I flung their medal to the river, child.
I flung their medal to the river, child.

They hung their coin around my neck; they made
my name a bridle, "called a ***** a *****."
They say their gold is pure. I say defiled.
I flung their slave's name to the river, child.
I flung their slave's name to the river, child.

Ain't got no quarrel with no Viet Cong
that never called me ******, did me wrong.
A man can't be lukewarm, 'cause God hates mild.
I flung their notice to the river, child.
I flung their notice to the river, child.

They said, "Now here's your bullet and your gun,
and there's your cell: we're waiting, you choose one."
At first I groaned aloud, but then I smiled.
I gave their "future" to the river, child.
I gave their "future" to the river, child.

My face reflected up, dark bronze like gold,
a coin God stamped in His own image—BOLD.
My blood boiled like that river—strange and wild.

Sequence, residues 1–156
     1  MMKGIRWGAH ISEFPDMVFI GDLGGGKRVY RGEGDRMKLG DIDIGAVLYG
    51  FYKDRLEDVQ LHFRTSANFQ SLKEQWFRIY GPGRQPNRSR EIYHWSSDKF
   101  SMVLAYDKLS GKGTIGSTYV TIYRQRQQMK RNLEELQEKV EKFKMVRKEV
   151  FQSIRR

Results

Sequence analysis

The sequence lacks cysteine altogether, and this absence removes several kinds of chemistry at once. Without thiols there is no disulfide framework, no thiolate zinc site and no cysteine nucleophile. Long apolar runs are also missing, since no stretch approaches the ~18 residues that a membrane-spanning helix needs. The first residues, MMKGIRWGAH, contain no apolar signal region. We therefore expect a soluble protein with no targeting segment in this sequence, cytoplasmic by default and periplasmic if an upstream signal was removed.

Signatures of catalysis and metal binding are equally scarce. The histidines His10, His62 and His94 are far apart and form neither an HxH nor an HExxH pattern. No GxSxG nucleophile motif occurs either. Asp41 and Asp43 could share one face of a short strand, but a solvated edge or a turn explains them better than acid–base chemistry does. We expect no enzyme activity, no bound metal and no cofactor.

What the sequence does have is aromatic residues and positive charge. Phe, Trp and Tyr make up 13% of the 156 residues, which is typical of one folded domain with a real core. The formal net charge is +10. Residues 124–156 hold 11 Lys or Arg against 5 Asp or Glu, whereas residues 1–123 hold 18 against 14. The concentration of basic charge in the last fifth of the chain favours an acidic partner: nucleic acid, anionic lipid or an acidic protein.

I died to hate in that dark river, child,
Come, be reborn in this bright river, child.

The poem above has been set to music in a YouTube video by Lillian Y. Wong.

You are free to copy the poem for noncommercial use, such as a school project, essay or report, or just because you like it and want to share, but please credit Michael R. Burch as the author.

NOTES: (1) Muhammad Ali said that he threw his Olympic gold medal into the Ohio River after experiencing racism in his hometown of Louisville, Kentucky. Confirming his account, the medal was recovered by Robert Bradbury and his wife Pattie in 2014 during the Annual Ohio River Sweep. The Ali family paid $200,000 to regain possession of the medal. Ali later made a joke about the incident that caused him to toss his medal into the river. He said that he took his medal into a white downtown restaurant and ordered a cheeseburger. The waitress told him, "We don't serve negroes." Ali replied, "I don't eat them either. Just bring me a cheeseburger!" (2) When drafted during the Vietnam War, Ali refused induction, reputedly saying: "I ain't got no quarrel with those Viet Cong; no Vietnamese ever called me a ******." (3) The notice mentioned in my poem is Ali's draft notice, which metaphorically gets tossed into the river along with his slave name. (4) The poem was originally published by the literary journal Black Medina. It has since been published by Other Voices International, Thanal Online, Freshet, Poems About and Poem List.